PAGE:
- The Washington Times - Wednesday, May 30, 2007

Tiger Woods said yesterday he is scrambling to lure many of the world’s top golfers to his AT&T; National tournament in July but said he remains confident the event will have one of the strongest fields on the PGA Tour.

Several top players, including Phil Mickelson and Ernie Els, have decided not to play the tournament. A host of others, including Vijay Singh, are still weighing their options.

“It’s hard,” Woods said during a press conference at Congressional Country Club in Bethesda, which will hold the tournament this year and in 2008. “This time of year, a lot of Europeans are over in Europe playing getting ready for the British Open and their tour. This tournament is only 84 days old, and because of that a lot of guys already made up their schedules. Maybe the field will get better as we move a little closer, but right now it’s been difficult.”

Woods announced in February he would be the host of the AT&T; National during Fourth of July week, with his foundation designated as the primary charitable beneficiary. The tournament is invitation-only with a maximum of 120 players. It has a purse of $6 million, with $1.08 million going to the winner, making it one of the richest nonmajor tournaments on tour.

Notable golfers who have committed to play in the AT&T; National include Jim Furyk, Adam Scott, Charles Howell III, Davis Love III and Darren Clarke, still ensuring a relatively strong field for the inaugural event. Previous PGA Tour stops in the District, including the 2005 Booz Allen Classic at Congressional, were plagued with weak fields because of unfavorable dates. The date for the AT&T; National, nestled two weeks before the British Open and two weeks after the U.S. Open, is viewed as a prime date on the PGA Tour schedule.

The presence of Woods himself at the event is still unknown; he and his wife, Elin, are expecting their first child.

“I’m definitely going to try and play,” he said. “That’s my intent. Obviously, my wife has something to say about that. But I hope to play. There’s no doubt about that.”

Repeatedly yesterday, Woods expressed a deep affection for Congressional’s “blue” course, refusing to entertain the notion of a possible alternative site for the tournament. Congressional is scheduled to hold the tournament only this year and in 2008. It will be the host of the U.S. Amateur Championship in 2009 and the U.S. Open in 2011, making it unavailable to play host to another golf tournament. Beyond that, it is unclear where the tournament will be held, though TPC at Avenel in Potomac; Robert Trent Jones Golf Club in Gainesville, Va.; and Landsowne Resort in Leesburg, Va., have been named as possible options.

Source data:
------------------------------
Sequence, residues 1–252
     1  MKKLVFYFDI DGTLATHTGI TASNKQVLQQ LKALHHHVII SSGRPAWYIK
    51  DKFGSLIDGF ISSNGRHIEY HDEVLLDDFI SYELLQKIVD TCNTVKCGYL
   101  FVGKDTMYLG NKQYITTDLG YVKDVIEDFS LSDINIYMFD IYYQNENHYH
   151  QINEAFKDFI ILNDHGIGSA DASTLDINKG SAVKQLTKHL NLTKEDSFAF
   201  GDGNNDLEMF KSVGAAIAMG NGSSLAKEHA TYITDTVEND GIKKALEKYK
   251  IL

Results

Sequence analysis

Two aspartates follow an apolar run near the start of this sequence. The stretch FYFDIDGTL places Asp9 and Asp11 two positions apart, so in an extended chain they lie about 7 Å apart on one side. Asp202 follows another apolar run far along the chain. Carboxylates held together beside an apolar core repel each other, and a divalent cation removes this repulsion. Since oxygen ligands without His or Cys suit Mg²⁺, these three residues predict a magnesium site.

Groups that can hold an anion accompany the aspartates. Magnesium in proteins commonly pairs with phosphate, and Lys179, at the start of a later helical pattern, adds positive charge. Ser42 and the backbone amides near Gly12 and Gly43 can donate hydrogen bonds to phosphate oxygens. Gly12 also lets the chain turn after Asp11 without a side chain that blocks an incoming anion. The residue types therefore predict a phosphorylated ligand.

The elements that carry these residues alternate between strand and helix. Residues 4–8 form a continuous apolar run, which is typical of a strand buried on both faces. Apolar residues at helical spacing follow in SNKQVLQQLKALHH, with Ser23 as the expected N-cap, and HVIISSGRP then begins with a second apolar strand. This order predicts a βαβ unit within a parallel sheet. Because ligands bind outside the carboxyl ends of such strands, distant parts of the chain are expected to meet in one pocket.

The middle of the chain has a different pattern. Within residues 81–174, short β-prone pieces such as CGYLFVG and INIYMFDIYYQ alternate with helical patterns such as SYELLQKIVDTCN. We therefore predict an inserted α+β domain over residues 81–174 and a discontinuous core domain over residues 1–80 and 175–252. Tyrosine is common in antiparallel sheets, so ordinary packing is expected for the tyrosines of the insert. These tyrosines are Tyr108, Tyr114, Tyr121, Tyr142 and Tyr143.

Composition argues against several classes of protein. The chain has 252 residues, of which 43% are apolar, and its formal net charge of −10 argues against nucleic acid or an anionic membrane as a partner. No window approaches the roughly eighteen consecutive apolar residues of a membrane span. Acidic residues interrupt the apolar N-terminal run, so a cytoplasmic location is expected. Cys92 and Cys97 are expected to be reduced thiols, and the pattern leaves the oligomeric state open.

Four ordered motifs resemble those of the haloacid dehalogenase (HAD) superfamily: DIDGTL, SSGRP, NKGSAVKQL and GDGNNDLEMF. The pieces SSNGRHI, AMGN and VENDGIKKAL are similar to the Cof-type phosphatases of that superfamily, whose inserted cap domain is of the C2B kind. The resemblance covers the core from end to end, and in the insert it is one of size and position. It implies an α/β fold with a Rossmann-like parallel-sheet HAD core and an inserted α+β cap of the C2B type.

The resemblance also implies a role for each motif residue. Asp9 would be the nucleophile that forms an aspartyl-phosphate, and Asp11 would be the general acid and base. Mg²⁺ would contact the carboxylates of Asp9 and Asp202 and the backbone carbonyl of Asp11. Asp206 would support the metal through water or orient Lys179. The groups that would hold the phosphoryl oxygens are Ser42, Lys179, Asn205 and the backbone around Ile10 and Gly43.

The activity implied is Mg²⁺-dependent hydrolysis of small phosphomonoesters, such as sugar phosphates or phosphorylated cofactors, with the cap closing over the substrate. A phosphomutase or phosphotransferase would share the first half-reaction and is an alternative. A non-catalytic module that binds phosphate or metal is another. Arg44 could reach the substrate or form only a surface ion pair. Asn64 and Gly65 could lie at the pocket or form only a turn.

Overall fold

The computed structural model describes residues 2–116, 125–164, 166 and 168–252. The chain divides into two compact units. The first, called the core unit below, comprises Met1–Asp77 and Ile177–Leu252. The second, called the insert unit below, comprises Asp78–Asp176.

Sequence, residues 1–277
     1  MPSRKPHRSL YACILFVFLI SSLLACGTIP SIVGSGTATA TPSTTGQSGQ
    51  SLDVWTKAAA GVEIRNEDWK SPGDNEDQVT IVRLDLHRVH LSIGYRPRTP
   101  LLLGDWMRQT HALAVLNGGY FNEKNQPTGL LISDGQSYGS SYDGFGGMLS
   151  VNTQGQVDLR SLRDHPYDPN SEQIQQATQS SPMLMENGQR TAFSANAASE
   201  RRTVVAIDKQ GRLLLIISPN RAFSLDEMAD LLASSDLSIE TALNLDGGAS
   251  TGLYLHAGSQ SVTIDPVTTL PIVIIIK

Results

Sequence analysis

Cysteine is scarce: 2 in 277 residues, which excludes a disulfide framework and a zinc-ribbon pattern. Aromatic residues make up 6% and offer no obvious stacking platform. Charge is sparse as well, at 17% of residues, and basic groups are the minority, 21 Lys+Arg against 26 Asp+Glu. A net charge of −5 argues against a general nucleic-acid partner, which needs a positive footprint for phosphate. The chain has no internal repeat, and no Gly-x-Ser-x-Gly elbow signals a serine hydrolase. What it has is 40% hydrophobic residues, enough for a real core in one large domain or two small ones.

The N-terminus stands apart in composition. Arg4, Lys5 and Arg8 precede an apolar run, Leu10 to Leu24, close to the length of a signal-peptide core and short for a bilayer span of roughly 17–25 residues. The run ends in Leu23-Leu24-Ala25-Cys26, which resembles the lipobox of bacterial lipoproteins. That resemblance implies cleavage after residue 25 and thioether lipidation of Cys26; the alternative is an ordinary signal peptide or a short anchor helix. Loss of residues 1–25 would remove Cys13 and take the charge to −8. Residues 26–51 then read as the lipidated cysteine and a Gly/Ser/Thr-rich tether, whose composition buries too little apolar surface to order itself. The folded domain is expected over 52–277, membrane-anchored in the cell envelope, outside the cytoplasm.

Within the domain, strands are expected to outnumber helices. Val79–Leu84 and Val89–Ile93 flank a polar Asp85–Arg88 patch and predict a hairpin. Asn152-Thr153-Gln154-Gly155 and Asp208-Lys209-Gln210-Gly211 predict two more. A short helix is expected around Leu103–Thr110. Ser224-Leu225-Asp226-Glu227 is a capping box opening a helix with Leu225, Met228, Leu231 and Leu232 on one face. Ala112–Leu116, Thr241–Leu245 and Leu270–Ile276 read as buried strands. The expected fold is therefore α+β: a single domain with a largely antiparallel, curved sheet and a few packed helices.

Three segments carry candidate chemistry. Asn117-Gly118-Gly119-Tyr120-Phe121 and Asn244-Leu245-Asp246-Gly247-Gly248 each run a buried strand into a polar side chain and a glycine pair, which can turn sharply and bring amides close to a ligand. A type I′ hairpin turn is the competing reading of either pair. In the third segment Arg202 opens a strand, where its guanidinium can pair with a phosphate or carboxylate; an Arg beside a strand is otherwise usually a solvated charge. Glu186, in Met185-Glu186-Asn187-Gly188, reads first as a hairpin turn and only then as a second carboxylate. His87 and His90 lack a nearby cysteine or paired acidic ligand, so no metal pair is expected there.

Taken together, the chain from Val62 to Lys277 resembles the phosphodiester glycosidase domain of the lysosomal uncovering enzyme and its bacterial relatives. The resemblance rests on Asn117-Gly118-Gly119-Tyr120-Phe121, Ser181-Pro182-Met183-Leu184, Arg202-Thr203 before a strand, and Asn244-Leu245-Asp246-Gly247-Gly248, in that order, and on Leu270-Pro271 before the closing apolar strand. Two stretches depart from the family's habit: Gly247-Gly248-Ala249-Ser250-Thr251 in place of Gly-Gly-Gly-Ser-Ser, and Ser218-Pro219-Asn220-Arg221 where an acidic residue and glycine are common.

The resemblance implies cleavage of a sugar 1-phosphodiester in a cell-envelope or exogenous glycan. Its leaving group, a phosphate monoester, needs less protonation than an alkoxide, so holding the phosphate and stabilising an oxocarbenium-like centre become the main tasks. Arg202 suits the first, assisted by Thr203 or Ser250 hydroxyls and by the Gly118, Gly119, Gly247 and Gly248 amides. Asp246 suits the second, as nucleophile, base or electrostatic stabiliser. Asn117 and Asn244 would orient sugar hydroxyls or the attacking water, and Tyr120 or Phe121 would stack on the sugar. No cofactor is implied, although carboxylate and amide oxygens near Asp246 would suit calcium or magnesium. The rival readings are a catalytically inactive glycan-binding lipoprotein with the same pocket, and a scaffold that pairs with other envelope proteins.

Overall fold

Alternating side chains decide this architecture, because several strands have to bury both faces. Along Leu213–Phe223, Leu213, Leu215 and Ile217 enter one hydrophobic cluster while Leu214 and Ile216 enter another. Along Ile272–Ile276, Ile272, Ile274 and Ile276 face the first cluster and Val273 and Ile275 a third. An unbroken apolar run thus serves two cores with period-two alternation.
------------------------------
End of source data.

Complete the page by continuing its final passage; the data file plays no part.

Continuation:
Asked whether he had a preference for where the tournament should be played in future years, Woods responded: “Right here.”

Though Congressional normally has a par of 72, it has shifted to par 70 for the AT&T; National at Woods’ insistence.

“All the players can blame me for the par 70,” Woods said. “It was par 70 for the U.S. Open in 1997, and it was a tremendous test that produced a great champion in Ernie Els. Everyone thought it was fair. It was difficult but fair.”

Previous tour stops at TPC at Avenel yielded winning scores between 10 and 20 strokes below par. Congressional president Stuart Long said winning scores for the AT&T; National should be in the single digits below par. Woods agreed and said he plans to request longer rough and faster greens in future tournaments.

“I know you guys don’t like that. … We’ll have it up, more of a test, more of a challenge,” he said.

The AT&T; National will be the first tournament to show off Congressional’s recent changes to the “blue” course. The club recently transformed the former par-3 18th hole into the 10th hole and took a hole from the club’s “gold” course and turned it into the par-4, 466-yard 18th.

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